[from Memoirs of Bishop Hildesley]


‘To the Rev. W. CUMMING, Stevenage, Herts.

Bishop’s-Court, Isle of Mann, March 20, 1762.

Dear Sir,

It is high time I should acknowledge the receipt of your last favour. I am glad to hear of the encreasing stock of your household, of each sort they are all, in their distinct places and relations, blessings of Providence, for which we ought to be thankful. I had great reason to be so, for one of the sorts 1 ; in which. though I had great care, yet had I also more than merited emolument :and, had not Providence called me off, I had probably continued on in the same way.

I am, or shall be in a few weeks, entered. on the eighth year of my present station;, and, thank GOD , have enjoyed as much health as I can remember to have had in the eight years preceding. However, I cannot but have occasion to think, that I was removed at a critical juncture, when the double charge, of my pupils and a large parochial cure together, began to be too heavy for my weak shoulders 2.

I have, indeed; in my new province as much care, but not quite so much labour ; and am rather also in a less dependent state than that of collecting small tithes and voluntary Easter-Offerings. The former you know the trouble of; and the latter, though never failing to produce me fifty pounds per annum, for twenty five years successively, yet, being at best but a precarious trusting to the good-will of numbers, of various tempers and dispositions: could not be supposed equal to a certainty.Though I must, at thesame time, be:ready to own, that, as they were for the most part voluntary, there was a comfort in that respect, which was not always to be had from legal demands.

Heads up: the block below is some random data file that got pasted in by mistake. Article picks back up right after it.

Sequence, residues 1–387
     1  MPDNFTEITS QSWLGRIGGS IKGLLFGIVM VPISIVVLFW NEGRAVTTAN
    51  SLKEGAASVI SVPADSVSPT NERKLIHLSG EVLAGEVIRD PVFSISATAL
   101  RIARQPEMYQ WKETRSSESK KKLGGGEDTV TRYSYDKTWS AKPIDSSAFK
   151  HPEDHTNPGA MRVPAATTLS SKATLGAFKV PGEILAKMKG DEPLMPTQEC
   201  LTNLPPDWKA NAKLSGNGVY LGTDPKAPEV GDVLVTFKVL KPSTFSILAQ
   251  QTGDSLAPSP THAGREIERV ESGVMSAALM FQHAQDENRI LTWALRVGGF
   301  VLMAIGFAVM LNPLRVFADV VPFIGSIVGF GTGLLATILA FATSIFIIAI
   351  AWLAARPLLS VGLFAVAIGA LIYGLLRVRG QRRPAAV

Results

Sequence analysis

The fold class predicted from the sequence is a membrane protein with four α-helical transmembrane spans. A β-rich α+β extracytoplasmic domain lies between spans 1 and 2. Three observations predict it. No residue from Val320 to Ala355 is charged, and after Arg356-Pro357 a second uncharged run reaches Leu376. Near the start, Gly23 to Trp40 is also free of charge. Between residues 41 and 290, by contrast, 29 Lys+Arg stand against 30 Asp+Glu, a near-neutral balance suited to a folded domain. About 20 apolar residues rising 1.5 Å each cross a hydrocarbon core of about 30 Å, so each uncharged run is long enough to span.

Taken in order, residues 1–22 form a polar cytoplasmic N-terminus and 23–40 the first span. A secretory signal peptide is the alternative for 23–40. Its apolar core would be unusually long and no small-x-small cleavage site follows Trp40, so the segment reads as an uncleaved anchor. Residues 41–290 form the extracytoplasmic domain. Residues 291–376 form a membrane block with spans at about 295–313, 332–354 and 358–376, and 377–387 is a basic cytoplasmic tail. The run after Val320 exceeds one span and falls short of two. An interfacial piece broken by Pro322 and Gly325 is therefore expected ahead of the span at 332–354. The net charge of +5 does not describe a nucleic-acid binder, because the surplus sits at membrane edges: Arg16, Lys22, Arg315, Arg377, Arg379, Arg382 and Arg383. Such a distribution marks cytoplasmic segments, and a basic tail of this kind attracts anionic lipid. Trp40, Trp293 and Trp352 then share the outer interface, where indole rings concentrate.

My provision here depends upon a large demesne, for we are at a great distance from a market ; and were we nearer , even necessaries not always to be had for money. But my farm, thank GOD, furnishes us with flesh, fuel, and bread-corn. We grind, malt, and slay, within ourselves : and as to fish, the sea produces us plenty ; for we are a kind of amphibious creatures who inhabit this terraqueous isle.

I conclude this epistolary visit, long since due, with my blessing and love to my godson, and our joint withes for the health and prosperity of you and yours.

I am,

Dear Sir,

Your affecionate Friend

and Brother,



1 Alluding to the Pupils he received, while vicar of Hitchin : see MEMOIRS, p 11. It does not’appear that the bishop had any children to live.’ ~ See p. 278’

2- " GOD tempers the wind," said Maria; "to the shorn lamb !’ STERNE.  


Back index next

Any comments, errors or omissions gratefully received The Editor
HTML Transcription © F.Coakley , 2000